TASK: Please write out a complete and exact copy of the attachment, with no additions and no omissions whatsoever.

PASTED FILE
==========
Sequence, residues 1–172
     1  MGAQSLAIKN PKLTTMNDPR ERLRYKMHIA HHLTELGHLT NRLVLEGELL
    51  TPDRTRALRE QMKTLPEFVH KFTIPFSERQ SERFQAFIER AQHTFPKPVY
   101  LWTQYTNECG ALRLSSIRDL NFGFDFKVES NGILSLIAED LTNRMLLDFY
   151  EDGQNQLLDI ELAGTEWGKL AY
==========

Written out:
Sequence, residues 1–172
     1  MGAQSLAIKN PKLTTMNDPR ERLRYKMHIA HHLTELGHLT NRLVLEGELL
    51  TPDRTRALRE QMKTLPEFVH KFTIPFSERQ SERFQAFIER AQHTFPKPVY
   101  LWTQYTNECG ALRLSSIRDL NFGFDFKVES NGILSLIAED LTNRMLLDFY
   151  EDGQNQLLDI ELAGTEWGKL AY